Portuguese female students scored significantly higher than American female students on the Dependency factor. Portuguese students, both male and female, scored significantly lower than American students on Self-Criticism. Both male and female Portuguese students scored lower on Efficacy than American students. In contrast, Chinese female students (Yao et al., 2009) scored lower than American students on Dependency, and both male and female Chinese students scored higher on Self-Criticism. Chinese students, like Portuguese students, scored lower than the American students on the Efficacy factor. These interesting cross-cultural differences await further exploration and potentially contribute to further crosscultural research on the rote of interpersonal relatedness and self-definition in adaptive personality functioning in various social contexts (e.g., Triandis, 1995, 2001).

Except for Dependency, Portuguese students were lower than American students on the other two DEQ factors, often resulting negative values on the DEQ factors for Portuguese subjects.

Though alternatives to the complex DEQ scoring procedure have been proposed including unit, rather than factor weighted scoring procedures (e.g., Welkowitz et al., 1985), the original factor scoring system importantly maintains the statistical independence of the three factors as well as the contribution of each item to the three factors (Desmet, Vanheule, Groenvynck et al., 2007). Though Desmet, Vanheule, Groenvynck et al. (2007), using a confirmatory factor analysis, concluded that the reconstructed DEQ (Bagby et al., 1994) provided a simple and valid scoring procedure as compared to the more complex factor DEQ scoring procedure, Desmet, Vanheule, Meganck, Verhaeghe, and Bogaerts (2007) proposed an alternative scoring system based on the factor solution of a clinical sample, concluding that their results did not support the use of original DEQ student-based scoring program with a clinical sample. It should be pointed however, that the original DEQ and its scoring system have been used with a wide range of subjects in many cultures, world-wide, with results supporting its validity. In contrast, the various short versions of the DEQ are based on only a few published studies and Zuroff et al. (2004), based on an extensive review of the research literature on the DEQ and in a rebuttal to the criticisms of the DEQ by Coyne and Wiffen (1995), strongly recommend, whenever possible, to use the full DEQ.

As regard the DEQ's factor structure, coefficients of congruence between factor solutions of our college sample and our first community sample provide important evidence of factor equivalence. The percentages of the total explained variance of the three factors' solution in our samples are very similar to the percentage of explained variance obtained by Blatt and colleagues (Blatt et al., 1976; Zuroff et al., 1990). Our results clearly replicate the factor structure obtained with the original DEQ. Items with higher factor loadings on the three factors were similar to those reported by Blatt et al. Several other studies also support the three factor solution and replicate the percentage of explained variance (e.g., Fuhr & Shean; 1992; Yao et al., 2009; Zuroff et al., 1990).

The correlation of the Dependency and Self-Criticism factors in both the college students sample I and the community sample I are consistent with the literature; with most studies reporting non-significant correlations between the DEQ factors in non-clinical samples (e.g., Blaney & Kutcher, 1991; Blatt, 2004; Rude & Burnham, 1993; Zuroff & Fitzpatrick, 1995; Zuroff et al., 1990).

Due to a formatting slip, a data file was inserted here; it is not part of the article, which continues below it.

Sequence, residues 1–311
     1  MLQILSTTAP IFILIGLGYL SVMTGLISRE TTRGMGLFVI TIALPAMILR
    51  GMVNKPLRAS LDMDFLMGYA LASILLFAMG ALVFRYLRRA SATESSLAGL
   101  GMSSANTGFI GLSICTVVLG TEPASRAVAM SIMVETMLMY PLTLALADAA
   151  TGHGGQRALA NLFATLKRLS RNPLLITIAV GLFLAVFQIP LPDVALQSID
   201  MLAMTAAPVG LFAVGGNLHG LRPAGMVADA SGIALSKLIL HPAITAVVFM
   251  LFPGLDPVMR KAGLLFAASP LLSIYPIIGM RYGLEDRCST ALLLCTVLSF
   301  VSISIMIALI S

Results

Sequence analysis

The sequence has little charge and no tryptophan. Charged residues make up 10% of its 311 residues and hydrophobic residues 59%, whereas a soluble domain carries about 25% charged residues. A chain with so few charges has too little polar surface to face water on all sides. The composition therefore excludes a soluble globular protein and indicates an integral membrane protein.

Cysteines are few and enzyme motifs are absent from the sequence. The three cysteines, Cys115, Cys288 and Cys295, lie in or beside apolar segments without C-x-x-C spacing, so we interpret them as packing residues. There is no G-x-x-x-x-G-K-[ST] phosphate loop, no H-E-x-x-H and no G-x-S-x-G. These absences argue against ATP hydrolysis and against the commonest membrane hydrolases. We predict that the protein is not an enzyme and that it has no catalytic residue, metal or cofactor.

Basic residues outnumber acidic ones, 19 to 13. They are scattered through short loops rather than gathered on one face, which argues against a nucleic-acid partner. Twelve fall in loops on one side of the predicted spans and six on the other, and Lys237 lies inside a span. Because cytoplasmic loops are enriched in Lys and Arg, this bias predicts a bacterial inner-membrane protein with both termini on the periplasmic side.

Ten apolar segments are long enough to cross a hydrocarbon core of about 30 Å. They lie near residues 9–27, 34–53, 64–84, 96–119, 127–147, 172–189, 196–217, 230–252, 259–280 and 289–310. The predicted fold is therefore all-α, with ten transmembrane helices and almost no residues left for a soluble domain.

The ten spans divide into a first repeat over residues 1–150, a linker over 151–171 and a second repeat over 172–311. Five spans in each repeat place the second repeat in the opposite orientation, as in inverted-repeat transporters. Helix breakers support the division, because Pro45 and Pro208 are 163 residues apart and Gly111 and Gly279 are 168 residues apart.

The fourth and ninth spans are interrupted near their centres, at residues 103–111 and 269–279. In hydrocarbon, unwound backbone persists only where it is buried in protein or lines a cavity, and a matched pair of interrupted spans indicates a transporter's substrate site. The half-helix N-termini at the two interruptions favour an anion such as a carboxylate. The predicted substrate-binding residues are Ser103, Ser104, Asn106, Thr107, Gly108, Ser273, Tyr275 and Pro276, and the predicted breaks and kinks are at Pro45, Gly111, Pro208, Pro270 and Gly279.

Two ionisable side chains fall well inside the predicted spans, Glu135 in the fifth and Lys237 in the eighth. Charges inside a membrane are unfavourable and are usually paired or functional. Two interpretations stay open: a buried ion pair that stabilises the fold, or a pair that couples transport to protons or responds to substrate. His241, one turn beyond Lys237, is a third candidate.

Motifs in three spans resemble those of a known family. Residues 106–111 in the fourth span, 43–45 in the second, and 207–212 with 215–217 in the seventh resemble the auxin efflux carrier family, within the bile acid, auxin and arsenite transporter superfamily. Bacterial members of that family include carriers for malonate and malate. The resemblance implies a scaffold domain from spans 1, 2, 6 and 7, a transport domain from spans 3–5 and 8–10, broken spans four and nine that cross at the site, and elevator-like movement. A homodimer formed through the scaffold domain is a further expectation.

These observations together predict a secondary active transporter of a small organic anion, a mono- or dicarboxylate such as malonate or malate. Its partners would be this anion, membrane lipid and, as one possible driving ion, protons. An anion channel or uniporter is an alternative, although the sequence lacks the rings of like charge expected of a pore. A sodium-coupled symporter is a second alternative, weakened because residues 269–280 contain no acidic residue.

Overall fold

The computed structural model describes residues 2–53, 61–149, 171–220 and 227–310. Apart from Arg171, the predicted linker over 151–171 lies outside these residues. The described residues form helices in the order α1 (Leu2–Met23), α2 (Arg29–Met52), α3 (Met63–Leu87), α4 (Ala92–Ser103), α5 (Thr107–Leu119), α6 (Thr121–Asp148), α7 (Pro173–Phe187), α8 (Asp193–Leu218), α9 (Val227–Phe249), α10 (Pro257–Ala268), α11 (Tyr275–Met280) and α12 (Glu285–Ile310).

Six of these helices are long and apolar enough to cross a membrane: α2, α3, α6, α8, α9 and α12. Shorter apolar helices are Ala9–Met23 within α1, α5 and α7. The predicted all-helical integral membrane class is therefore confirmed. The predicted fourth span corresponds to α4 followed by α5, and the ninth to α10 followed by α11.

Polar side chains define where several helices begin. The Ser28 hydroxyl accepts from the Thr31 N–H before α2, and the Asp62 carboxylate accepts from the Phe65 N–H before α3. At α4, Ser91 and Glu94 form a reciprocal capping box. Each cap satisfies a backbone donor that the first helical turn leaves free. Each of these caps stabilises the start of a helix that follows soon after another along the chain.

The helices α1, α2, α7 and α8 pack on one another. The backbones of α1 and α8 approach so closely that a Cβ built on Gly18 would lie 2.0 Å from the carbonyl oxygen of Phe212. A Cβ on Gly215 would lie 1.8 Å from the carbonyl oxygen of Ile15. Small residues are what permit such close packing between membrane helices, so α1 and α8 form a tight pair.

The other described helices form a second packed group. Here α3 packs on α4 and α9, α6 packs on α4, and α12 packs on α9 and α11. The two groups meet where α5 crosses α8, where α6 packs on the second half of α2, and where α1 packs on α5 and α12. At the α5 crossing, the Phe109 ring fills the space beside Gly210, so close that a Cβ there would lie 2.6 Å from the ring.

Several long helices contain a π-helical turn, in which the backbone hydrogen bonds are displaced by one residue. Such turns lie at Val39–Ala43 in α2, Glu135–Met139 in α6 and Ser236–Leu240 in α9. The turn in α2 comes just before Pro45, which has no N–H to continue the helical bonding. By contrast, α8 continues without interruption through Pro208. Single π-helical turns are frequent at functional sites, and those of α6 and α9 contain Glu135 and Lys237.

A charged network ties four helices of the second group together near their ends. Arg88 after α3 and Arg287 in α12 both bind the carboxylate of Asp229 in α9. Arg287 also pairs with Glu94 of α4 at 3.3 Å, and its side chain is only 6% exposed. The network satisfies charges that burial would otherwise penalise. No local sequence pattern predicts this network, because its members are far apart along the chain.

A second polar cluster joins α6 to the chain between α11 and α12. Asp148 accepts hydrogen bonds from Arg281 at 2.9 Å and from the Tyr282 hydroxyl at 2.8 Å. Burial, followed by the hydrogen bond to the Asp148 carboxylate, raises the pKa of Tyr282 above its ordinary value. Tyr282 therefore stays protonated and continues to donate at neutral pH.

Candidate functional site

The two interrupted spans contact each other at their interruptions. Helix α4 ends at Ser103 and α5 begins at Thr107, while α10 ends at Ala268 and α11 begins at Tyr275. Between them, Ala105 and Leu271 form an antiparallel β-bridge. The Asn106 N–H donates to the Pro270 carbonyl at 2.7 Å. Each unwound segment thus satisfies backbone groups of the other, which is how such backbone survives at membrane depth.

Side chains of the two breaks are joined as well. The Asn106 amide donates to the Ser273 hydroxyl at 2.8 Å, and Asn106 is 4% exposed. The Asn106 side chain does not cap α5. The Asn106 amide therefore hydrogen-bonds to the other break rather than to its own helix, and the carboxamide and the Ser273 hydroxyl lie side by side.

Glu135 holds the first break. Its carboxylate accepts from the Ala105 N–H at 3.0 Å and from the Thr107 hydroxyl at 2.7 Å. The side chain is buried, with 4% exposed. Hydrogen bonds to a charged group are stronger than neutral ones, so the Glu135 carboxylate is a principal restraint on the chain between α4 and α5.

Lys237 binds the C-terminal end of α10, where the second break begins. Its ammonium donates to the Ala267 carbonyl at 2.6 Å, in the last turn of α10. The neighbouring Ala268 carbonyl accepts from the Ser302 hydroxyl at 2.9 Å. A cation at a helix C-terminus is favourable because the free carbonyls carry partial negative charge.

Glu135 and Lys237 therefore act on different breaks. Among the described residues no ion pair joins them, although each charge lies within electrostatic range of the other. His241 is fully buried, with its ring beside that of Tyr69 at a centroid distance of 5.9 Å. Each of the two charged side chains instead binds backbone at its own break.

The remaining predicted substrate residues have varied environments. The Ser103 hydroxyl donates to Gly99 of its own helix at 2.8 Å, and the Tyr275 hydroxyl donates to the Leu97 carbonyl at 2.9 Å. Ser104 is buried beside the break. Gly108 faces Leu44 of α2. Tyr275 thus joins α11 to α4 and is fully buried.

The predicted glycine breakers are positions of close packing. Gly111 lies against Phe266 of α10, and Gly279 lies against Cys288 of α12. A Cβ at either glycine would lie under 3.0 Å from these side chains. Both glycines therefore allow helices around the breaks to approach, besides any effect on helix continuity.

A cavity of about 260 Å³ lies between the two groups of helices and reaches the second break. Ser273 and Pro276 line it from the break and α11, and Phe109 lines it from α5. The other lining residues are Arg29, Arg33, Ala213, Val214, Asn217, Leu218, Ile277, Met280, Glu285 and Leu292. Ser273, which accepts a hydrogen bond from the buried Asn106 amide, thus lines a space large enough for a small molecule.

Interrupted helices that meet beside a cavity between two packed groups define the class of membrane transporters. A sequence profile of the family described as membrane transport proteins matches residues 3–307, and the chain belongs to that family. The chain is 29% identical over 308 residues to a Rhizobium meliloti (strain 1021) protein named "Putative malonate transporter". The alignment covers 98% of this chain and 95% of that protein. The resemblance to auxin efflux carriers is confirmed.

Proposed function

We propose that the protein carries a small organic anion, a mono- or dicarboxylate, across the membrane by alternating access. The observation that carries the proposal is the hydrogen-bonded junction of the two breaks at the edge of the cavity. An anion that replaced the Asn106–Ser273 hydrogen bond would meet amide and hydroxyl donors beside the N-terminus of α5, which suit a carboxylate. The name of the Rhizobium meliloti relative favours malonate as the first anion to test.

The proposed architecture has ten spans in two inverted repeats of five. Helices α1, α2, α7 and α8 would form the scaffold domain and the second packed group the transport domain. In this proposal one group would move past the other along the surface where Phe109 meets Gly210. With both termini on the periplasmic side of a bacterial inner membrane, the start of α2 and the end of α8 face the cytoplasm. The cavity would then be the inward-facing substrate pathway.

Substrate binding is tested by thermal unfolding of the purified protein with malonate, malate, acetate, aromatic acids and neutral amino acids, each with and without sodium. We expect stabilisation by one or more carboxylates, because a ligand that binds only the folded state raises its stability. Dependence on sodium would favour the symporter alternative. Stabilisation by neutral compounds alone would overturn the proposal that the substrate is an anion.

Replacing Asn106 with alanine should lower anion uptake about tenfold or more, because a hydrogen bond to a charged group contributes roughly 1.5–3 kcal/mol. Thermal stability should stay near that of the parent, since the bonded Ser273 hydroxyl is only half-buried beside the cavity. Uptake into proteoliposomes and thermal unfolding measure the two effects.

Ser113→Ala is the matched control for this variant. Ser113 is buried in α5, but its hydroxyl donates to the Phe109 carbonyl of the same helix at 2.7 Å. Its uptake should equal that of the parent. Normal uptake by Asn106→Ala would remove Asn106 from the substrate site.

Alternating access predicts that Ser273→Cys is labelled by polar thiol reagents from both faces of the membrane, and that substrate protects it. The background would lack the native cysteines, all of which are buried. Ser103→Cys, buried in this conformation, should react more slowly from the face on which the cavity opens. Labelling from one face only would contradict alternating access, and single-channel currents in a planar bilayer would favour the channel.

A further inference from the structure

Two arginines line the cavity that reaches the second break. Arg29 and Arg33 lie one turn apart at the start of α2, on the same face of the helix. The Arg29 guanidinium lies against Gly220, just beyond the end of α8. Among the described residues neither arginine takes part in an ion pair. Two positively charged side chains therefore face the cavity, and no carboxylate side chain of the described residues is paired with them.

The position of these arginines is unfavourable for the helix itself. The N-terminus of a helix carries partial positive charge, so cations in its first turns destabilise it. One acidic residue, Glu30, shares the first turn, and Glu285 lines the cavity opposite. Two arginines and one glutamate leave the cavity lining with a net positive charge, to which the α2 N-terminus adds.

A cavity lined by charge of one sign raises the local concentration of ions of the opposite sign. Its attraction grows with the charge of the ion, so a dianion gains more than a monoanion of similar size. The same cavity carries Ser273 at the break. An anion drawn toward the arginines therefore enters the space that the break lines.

The Self-Criticism factor of the Portuguese DEQ correlates significantly with the CES-D both in the community sample I and the clinical sample, consistent with the findings obtained with other traditional measures of depression in both clinical and in non clinical samples (e.g., Beck Depression Inventory, Zung Depression Scale) (e.g., Blatt, 2004; Dunkley et al., 1997; Quimette & Klein, 1993; Overholser, 1991; Santor et al., 1997).

Correlations of the Dependency factor with traditional measures of depression are, on average, lower (and often non-significant) especially in non-clinical populations (e.g., Aube & Whiffen, 1996; Blatt, 2004; Dunkley et al., 1997; Fuhr & Shean, 1992; Overholser & Freiheit, 1994; Robins et al., 1994).

Nietzel and Harris (1990) noted that traditional measures of depression usually contain more items measuring a cognitive dimension of depression than interpersonal problems, thus explaining higher correlations of these measures with Self-Criticism than with Dependency. Though the correlation between CES-D and Dependency was non-significant in our community sample I, this correlation was significant in our clinical sample, as was the correlation with the BSI depression scale in our second community sample. The correlations of these symptom measures of depression are always higher with Self-Criticism than with Dependency. However, our results highlight the importance of considering less and more adaptive sub-factors in the DEQ Dependency Factor. According to our results, Neediness but not Connectedness correlates with the CES-D in the community sample I and predicts depression six months later in the college student sample II. This differential relationship with measures of depression is consistent with earlier findings with these two sub-factors (Besser & Pirel, 2005, 2008; Blatt et al., 1995; Campos et al., 2010; Campos, Besser, Ferreira, & Blatt, 2012). These studies indicate that the Dependency factor contains both vulnerability and resilience components (e.g., Blatt et al., 1995; Blatt et al., 1996; Campos et al., 2011; Priel & Besser, 1999; Rude & Burnham, 1993) and the importance of differentiating the maladaptive and adaptive sub factors, Neediness and Connectedness within the Dependency factor (e.g., Campos, Besser, Ferreira et al., 2012).